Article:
And perhaps one of the biggest keys to the Jets winning this game was in the fact that Colts quarterback Johnny Unitas did not play until late in the fourth quarter of the game. By that time the Jets led 16-0.

    Sidelined with an injured elbow, Unitas came on for the struggling Earl Morrall and led the Colts down the field to a quick touchdown.

    The Jets may have to thank Unitas' elbow for their victory.

3. Super Bowl XVI San Francisco 49ers

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    The 1981 San Francisco 49ers were another team that was poised for greatness. And maybe Super Bowl XVI is what pushed them over the edge, but this team wasn't great yet.

    The Niners beat the Bengals 26-21 in a game that is remembered as much for the Bengals failing to score as it is for anything San Francisco did.

    With the ball on the 49ers' three-yard line the Bengals tried four straight plays to score and failed.

    While quarterback and Super Bowl MVP Joe Montana was coming into his own as a signal caller, the Niners' run game left much to be desired.

    Roger Craig was still at the University of Nebraska and the leading rusher was Ricky Patton, who had only 543 yards on the year.

    Losses to the 5-11 Browns and the 7-9 Falcons during the regular season prove further that this was not yet the team that they would become.

2. Super Bowl XL Pittsburgh Steelers

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    Forget the fact that Pittsburgh needed help from the zebras to even win this game against a very average Seattle team.

    The Steelers benefited from a weak playoff schedule and from opposing teams shooting themselves repeatedly in the foot.

    Hey, better to be lucky than good, right?

    The Steelers were 11-5 in 2005, including three losses in a row in the regular season.

    They qualified for the playoffs as the fifth seed in the AFC.

    They took to the road and knocked off the also 11-5 Cincinnati Bengals.

    Then they went to Indianapolis to face the top-seeded Colts. This game will be remembered as the "Mike Vanderjagt meltdown" game to Indianapolis fans everywhere. With the game on the line Vanderjagt's 46-yard field goal came closer to the corner pylon than the goal posts. The Steelers managed to win 21-18.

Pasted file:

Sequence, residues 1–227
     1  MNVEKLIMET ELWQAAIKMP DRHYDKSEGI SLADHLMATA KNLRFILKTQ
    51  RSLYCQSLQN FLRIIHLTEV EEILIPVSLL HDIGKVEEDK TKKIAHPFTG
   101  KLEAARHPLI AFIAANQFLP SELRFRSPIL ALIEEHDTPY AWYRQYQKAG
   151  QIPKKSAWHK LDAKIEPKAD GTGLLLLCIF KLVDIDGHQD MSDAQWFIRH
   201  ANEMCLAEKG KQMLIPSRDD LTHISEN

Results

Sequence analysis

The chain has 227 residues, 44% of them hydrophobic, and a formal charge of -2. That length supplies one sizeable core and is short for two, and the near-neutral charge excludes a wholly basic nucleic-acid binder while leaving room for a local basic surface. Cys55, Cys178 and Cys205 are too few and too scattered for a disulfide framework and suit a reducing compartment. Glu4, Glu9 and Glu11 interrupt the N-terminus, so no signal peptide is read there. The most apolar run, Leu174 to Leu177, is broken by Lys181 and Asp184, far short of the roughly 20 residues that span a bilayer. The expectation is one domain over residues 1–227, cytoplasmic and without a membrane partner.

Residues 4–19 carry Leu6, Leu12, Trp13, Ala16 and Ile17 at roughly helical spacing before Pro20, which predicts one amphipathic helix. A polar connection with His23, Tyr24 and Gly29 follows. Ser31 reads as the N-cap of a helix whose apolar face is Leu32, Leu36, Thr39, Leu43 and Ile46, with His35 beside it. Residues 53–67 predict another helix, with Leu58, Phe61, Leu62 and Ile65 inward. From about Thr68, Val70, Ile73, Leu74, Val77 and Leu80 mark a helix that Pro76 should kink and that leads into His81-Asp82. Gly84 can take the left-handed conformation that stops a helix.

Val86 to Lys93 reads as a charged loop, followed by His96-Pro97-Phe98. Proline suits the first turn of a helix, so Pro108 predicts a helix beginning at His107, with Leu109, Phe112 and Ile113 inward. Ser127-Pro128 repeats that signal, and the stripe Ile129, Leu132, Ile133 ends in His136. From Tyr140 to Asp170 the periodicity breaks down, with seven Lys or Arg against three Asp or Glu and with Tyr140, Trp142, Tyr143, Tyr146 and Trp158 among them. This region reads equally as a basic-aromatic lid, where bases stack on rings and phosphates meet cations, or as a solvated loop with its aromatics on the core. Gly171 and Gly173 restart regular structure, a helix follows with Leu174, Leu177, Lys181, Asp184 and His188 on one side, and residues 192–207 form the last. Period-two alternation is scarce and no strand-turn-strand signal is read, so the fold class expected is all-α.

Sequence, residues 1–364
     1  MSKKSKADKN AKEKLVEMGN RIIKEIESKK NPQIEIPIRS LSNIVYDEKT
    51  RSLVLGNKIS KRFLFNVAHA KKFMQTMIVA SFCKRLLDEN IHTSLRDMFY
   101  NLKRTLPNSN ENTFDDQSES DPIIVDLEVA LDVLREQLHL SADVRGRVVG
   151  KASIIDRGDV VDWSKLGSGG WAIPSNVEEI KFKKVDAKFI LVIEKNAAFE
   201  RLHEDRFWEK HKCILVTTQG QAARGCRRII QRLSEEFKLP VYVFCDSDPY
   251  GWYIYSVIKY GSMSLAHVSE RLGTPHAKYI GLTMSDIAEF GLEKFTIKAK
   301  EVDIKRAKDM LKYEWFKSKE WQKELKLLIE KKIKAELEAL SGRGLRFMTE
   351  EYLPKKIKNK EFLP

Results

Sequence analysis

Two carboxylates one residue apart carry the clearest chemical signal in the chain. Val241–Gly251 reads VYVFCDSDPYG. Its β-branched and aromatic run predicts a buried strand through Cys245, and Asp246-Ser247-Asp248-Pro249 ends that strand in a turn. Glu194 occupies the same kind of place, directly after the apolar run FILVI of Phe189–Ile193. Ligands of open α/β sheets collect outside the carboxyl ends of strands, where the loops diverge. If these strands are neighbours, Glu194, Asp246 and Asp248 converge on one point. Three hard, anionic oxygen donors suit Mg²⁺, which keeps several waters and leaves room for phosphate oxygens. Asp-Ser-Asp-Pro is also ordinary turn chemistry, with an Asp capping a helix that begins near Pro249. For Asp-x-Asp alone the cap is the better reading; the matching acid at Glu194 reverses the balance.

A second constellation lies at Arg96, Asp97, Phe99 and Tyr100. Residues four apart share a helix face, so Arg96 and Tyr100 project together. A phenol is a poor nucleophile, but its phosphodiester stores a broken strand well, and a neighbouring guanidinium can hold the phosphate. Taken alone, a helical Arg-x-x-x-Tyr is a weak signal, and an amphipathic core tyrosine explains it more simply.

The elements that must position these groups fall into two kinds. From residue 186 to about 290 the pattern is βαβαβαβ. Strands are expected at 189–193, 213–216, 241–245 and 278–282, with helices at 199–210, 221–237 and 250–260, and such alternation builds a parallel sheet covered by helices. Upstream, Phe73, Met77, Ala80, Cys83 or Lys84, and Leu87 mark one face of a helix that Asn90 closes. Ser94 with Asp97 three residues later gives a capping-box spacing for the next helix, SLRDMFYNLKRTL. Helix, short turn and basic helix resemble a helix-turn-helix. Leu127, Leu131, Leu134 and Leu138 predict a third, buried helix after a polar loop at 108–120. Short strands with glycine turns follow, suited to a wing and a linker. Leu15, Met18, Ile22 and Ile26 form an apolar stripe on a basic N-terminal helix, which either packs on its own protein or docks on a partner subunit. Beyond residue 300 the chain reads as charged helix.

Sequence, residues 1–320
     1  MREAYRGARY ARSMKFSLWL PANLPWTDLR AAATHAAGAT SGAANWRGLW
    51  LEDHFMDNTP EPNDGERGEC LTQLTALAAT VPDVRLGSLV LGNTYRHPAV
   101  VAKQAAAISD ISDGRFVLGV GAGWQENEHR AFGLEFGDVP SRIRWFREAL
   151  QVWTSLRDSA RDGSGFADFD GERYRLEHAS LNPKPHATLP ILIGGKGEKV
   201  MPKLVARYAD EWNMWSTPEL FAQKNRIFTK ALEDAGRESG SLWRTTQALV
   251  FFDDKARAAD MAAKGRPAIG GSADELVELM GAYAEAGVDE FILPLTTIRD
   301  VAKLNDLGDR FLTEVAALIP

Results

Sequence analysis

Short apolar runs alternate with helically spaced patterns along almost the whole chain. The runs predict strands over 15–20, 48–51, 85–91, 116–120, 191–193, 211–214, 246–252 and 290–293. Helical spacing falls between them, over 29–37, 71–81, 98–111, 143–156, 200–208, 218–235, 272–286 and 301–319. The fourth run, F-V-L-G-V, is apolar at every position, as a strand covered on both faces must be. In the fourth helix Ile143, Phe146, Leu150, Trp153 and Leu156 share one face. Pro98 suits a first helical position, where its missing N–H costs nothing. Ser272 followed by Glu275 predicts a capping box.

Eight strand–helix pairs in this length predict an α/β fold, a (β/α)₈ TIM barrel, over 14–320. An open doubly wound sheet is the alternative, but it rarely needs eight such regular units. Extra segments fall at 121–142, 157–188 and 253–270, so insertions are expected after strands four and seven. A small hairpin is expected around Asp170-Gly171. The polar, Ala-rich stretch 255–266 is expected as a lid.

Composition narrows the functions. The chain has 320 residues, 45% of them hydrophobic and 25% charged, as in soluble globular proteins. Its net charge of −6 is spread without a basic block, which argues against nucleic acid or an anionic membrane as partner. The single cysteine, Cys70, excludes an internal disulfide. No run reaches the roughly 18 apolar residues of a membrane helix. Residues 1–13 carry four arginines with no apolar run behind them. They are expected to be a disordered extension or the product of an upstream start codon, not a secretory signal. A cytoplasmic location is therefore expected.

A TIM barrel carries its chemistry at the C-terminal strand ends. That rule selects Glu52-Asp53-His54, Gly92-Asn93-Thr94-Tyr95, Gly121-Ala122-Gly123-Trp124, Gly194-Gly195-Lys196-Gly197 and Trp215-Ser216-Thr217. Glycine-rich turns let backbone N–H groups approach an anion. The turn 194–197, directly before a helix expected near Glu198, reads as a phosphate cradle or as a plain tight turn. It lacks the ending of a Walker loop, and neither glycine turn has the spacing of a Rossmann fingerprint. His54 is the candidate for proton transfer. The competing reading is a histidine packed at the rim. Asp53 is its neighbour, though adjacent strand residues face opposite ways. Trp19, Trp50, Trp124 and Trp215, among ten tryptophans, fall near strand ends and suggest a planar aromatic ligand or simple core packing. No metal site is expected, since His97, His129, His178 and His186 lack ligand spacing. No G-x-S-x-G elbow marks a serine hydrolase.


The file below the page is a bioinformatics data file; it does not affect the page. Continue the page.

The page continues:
The Steelers then beat an inferior Denver team on their way to Super Bowl XL.

    The Super Bowl game itself of course is more remembered for it's questionable officiating than anything else.

    That's not what great teams are remembered for.

1. Super Bowl XV Oakland Raiders

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    The 1980 Oakland Raiders were the first Wild Card team to ever win the Super Bowl.

    They almost didn't make it. They qualified as the fourth seed in the AFC back when there were just three divisions per conference.

    In the Wild Card round they knocked off the Oilers even though Houston had more yards, more first downs and more time of possession.

    In the Divisional playoff round the Raiders might have gone down but the Browns chose to run "Red Right 88" when they were already in field-goal range. The pass thrown by Brian Sipe was intercepted and the Raiders survived.

    The Raiders faced the San Diego Chargers in the in the AFC Championship and withstood a late comeback effort by Dan Fouts and the Chargers offense and moved on to Super Bowl XV.

    Oakland went on to beat the Philadelphia Eagles in the Super Bowl despite only outscoring opponents by a slim margin of 22.8 to 19.1 during the regular season.